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Even by the highly stressful standards of Outlander, the season 4 finale really put fans through the wringer. Jamie decides to trade himself to the Mohawk people to save Roger—and just as you’re beginning to process that, Young Ian jumps in and takes his place instead! Poor Brianna went into labor and gave birth before either of her parents could make it home. Oh, and Jamie has been tasked with assassinating Murtagh next season. Cool, cool, cool.

Below, Catriona Balfe breaks down the key moments from “Man of Worth,” hints at what’s to come in season 5, and explains whether Jamie and Claire have been having less sex of late.

Where does the season leave Claire emotionally?

I think her primary focus throughout the season is so much about her being a mother to Brianna in a very different way, because of what Brianna has gone though and also being a grandmother now. I think it’s definitely been a transition, this season, going from the search for Jamie and “Will this relationship work?” to them finding each other.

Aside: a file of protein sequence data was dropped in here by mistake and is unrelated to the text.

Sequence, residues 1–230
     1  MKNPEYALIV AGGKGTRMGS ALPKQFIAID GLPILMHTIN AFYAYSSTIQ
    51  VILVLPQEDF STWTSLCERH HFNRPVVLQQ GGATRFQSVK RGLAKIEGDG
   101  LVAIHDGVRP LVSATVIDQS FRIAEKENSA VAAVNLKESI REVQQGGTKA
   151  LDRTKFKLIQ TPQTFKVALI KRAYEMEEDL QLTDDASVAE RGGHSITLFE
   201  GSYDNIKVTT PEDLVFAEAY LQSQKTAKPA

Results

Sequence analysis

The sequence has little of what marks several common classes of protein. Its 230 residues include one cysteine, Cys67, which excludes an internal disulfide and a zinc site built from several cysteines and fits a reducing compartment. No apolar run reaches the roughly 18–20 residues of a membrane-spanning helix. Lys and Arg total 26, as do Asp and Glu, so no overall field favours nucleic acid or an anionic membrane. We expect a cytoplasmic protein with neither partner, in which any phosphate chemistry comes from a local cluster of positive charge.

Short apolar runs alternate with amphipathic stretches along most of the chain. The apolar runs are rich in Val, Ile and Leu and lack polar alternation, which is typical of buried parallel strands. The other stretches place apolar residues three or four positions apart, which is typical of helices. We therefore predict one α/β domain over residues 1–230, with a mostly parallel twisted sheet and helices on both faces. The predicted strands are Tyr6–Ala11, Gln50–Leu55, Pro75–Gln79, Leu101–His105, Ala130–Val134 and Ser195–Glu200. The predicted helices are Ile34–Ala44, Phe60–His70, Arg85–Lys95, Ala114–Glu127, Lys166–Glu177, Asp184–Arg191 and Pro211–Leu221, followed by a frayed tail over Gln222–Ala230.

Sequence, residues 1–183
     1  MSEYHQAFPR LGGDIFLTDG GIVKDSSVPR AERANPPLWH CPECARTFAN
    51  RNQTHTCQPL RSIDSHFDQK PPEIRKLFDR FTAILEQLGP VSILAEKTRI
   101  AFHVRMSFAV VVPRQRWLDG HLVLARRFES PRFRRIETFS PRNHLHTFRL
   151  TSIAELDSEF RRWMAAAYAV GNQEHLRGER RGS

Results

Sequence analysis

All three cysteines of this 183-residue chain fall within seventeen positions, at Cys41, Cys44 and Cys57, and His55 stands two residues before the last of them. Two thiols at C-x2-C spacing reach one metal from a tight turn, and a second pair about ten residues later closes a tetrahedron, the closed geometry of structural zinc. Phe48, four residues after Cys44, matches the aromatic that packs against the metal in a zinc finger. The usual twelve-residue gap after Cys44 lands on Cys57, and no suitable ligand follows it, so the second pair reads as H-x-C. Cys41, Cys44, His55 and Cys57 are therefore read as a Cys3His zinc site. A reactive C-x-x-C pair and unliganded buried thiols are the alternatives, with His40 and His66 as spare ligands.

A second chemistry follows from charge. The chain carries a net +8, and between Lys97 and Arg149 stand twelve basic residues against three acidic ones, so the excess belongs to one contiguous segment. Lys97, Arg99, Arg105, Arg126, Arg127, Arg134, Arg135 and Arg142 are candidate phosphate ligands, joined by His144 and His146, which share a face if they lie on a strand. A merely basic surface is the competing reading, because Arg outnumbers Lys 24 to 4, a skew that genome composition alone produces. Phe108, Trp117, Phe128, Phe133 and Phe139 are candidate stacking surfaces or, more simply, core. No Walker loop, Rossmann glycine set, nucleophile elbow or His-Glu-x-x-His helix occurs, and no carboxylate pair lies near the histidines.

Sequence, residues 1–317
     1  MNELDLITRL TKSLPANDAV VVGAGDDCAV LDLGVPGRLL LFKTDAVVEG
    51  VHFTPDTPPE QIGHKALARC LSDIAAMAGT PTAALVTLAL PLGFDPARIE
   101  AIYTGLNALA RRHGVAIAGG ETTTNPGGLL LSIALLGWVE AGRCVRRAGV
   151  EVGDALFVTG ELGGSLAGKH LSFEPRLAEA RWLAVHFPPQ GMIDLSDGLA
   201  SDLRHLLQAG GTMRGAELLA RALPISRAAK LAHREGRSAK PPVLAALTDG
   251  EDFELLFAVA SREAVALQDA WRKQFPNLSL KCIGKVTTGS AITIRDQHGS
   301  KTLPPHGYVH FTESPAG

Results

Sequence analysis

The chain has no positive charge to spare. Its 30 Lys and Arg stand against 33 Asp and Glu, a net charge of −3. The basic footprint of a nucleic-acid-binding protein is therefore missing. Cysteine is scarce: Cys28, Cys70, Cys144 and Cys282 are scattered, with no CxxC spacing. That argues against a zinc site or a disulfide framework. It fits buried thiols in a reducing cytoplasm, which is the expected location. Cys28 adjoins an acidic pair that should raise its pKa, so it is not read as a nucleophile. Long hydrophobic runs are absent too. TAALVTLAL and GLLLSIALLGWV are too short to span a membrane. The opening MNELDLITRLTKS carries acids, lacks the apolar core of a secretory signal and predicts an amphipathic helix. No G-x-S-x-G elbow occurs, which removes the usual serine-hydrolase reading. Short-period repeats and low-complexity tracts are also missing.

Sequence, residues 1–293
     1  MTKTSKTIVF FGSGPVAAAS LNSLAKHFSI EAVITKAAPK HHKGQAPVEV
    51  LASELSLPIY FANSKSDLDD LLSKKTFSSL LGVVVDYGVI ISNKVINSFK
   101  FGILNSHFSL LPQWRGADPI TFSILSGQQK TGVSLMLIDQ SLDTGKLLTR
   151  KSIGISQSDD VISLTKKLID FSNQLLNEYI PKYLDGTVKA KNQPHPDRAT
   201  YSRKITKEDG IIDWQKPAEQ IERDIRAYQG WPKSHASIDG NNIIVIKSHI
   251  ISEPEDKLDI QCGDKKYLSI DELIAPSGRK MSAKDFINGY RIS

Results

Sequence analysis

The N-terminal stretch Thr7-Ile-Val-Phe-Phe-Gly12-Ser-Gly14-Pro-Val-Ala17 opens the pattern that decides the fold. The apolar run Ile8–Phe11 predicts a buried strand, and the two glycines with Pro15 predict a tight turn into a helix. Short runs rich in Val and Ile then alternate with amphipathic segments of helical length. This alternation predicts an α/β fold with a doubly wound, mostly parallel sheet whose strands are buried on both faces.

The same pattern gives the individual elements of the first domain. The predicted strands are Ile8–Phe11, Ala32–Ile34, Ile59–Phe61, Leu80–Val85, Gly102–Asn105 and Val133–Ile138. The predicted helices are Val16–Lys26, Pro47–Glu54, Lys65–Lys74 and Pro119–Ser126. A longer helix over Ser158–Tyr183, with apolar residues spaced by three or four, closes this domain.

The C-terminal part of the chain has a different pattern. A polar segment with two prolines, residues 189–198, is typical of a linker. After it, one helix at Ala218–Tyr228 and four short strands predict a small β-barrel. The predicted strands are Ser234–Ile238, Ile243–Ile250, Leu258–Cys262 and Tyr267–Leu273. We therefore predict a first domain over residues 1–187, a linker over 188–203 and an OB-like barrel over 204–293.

Now it’s like okay, we built this life, and what does it look like? With Brianna coming in, it becomes very different, because now Claire’s become the matriarch of this extended family unit. When she says to Brianna, “I want to take you away from here,” I think she needs to have her family around her, in a place where they create the society that they want. She can see how heartbroken Brianna is, and everything about River Run for Claire is just so tainted and it’s hard for her to relax there at all. I think she just wants to protect her daughter, get her home, and create a safe space for her.

When Jamie is going to trade himself for Roger, Claire accepts it fairly quickly. Why?

I think it’s telling that one of the next lines is when after Ian offers himself up, Jamie says “Escape at your first chance.” Given that we had so little time to use in that moment, where I had to go with it was, this is a temporary thing. He’s going to get out of here as quickly as he can. I think she felt that this is Jamie’s politically savvy decision to get Roger for this instant, but he’s not going to stay.